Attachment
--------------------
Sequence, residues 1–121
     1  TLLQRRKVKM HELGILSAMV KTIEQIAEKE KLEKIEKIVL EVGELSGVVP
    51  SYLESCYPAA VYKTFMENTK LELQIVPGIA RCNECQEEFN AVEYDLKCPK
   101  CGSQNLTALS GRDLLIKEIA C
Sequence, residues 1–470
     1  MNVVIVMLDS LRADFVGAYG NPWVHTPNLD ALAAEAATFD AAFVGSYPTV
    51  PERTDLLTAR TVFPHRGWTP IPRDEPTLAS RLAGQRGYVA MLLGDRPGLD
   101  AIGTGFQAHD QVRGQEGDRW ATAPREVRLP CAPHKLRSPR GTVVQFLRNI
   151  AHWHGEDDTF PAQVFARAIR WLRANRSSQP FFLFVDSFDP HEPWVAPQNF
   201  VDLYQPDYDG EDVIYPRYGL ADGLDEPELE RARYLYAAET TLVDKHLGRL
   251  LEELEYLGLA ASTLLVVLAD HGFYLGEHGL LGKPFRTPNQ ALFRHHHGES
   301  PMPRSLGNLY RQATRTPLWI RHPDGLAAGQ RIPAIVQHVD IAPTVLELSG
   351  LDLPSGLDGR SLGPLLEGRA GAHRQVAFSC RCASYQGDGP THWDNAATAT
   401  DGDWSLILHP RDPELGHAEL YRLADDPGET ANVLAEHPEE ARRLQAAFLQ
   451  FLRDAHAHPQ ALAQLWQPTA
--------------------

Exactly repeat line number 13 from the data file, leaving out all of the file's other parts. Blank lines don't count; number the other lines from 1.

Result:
   351  LDLPSGLDGR SLGPLLEGRA GAHRQVAFSC RCASYQGDGP THWDNAATAT